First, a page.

In May 2018, Maritza Perez, a Mexican citizen from Tuxpan, Veracruz, was hired by a Florida based farm for agricultural work with an H2-A visa. She was told that she would be harvesting pumpkins, cucumbers, and peppers. Although never having worked in the United States before, Maritza was excited for the economic opportunity that the job presented. She hoped to care for her parents and siblings with the wages she would earn.
"I remember being excited when we were crossing the bridge to get to the United States; I was excited for the opportunity. But that excitement ended quickly,” Maritza remembered.
This story is familiar to many migrant worker women. Of an estimated 164 million migrant workers globally, 41.6% of workers are women. One survey conducted by CDM found that, of those that responded, 94% of migrant worker women were financially supporting their family. Migrant laborers often seek employment abroad in order to pursue decent economic opportunities and social and physical security that may be unavailable in their home countries. This noble and human goal—to better one’s life—is often plagued by inhumane challenges.
In her testimony, Maritza goes on to explain that the living and working conditions at the farm were deplorable. Originally told she would assist with the harvest, Maritza was relegated to a packing job. Packing jobs were paid less than harvesting jobs, which were exclusively assigned to men. Maritza and her colleagues were expected to work 16+ hours a day, given no personal protective equipment despite hazardous conditions, yelled at, and humiliated. The only accessible water smelled of chlorine and the food that she was expected to buy from her employer made her sick to her stomach. Fear permeated even the place she was expected to call “home.” Required to live in a hotel by her employer, Martiza’s supervisor had unlimited access to her and her colleagues’ private rooms.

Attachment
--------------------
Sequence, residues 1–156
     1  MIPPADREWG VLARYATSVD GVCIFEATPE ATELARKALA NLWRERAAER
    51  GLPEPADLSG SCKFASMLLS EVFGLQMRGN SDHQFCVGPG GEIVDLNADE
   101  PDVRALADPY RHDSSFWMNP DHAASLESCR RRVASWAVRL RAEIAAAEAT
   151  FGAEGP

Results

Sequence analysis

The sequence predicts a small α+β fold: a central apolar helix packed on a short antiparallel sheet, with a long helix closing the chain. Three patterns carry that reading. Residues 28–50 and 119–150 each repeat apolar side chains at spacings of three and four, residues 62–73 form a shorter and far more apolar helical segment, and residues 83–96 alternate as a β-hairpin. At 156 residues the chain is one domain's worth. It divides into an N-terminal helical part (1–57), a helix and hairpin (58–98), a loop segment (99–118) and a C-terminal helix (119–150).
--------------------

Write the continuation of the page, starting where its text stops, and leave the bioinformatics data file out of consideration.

Unfortunately, this form of discrimination and inhumane treatment is not unusual. During the recruitment process, women are often disproportionately defrauded and channeled into a limited range of gendered industries and roles. In one survey, 70% of women reported incidents of sex-based discrimination or harrasment during recruitment or U.S. employment. Importantly, gender discrimination is not only confined to sexual harrasment. It takes on many forms, including: unequal pay, unequal work opportunities, poor living conditions premised on gendered stereotypes. One survey found that, although women made up 25% of the 2018 U.S. agricultural workforce, only 3% of all H-2A visas were issued to women. Women are also frequently paid less than men, and nearly half of women reported being paid less than the U.S. federal minimum wage.
However, the most important thing to remember is this: These discriminatory acts are not legal. In fact, there are several international and United State laws that prohibit gender discrimination and protect migrant worker women. It is important that all migrant workers know these laws and the rights that they are entitled to. With education and legal resources, you can protect yourself and find justice for workplace discrimination.
If you need information, call el Centro de los Derechos del Migrante, Inc. (CDM). All advice is completely free and confidential. You can call from Mexico: 800-590-1773, from the United States: 1-855-234-9699, Monday through Friday from 9:00 a.m. to 5:00 p.m. (CT).